Trump acquitted for second time following historic Senate impeachment trial

The Senate acquitted former President Donald Trump in his second impeachment trial Saturday, voting that Trump was not guilty of inciting the deadly January 6 riot at the US Capitol — but the verdict amounted to a bipartisan rebuke of the former President with seven Republicans finding him guilty.

The final vote was 57 guilty to 43 not guilty, short of the 67 guilty votes needed to convict. Held exactly one month after the House impeached Trump, the number of Republican senators who voted against Trump ended up higher than even what Trump’s legal team had anticipated, marking a stark departure from the first impeachment trial last year when only one Republican senator, Mitt Romney of Utah, found Trump guilty.
 


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UPDATE: House Impeachment Managers FOLD – Back Off On Witnesses After Trump Legal Team Announces Pelosi Will Be Called In — Closing Arguments Begin!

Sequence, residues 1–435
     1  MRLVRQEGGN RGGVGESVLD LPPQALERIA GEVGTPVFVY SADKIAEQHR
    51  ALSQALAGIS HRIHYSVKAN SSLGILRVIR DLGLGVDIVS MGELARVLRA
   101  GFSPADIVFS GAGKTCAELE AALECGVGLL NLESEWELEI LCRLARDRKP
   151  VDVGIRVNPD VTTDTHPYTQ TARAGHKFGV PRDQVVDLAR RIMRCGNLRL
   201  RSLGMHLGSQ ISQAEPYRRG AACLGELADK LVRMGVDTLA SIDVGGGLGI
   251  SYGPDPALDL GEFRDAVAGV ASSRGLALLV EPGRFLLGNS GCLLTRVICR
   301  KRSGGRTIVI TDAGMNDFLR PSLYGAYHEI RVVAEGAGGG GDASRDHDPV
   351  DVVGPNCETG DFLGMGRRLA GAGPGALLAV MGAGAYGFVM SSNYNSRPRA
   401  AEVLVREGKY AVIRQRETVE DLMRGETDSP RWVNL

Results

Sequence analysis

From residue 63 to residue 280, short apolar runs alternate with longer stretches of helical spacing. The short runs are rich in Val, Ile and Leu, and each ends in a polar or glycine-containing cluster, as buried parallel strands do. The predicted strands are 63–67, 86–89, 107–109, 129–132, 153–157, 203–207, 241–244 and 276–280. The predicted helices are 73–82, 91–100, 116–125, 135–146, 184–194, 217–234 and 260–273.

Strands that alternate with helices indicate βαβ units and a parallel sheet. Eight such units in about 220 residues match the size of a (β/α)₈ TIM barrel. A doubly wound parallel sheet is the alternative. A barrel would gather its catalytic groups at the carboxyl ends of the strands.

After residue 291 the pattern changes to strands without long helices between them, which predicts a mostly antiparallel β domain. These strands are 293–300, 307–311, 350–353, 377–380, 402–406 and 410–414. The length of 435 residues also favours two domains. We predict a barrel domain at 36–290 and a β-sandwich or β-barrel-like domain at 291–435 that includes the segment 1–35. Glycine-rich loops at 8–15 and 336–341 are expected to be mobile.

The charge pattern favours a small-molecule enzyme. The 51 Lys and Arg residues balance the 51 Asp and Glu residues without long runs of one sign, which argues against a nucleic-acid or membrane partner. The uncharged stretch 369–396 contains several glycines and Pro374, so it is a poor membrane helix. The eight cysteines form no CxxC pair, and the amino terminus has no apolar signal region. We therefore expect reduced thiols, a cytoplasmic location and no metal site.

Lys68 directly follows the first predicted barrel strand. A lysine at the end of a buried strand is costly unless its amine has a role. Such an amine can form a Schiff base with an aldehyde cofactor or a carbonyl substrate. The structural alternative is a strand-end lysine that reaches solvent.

Democrats flipped the script this morning after their case collapsed on Friday against President Trump.

Democrats now want to change the rules and call in witnesses. This comes after Senator McConnell announced he will vote to acquit.

This comes after Republican Rep. Jaime Herrera Beutler of Washington leaked news on a January 6, 2021 phone call between House Minority Leader Kevin McCarthy and former President Donald Trump.

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Aim of Trump Impeachment Is to ‘Chill and Criminalize Speech’ that Opposes Leftist Agenda: Tom Fitton

Tom Fitton, conservative activist and president of Judicial Watch, told The Epoch Times’ “American Thought Leaders” in an interview that he believes the aim of bringing an incitement of insurrection charge against former President Donald Trump is to “chill and criminalize speech” that opposes the agenda of those on the political left.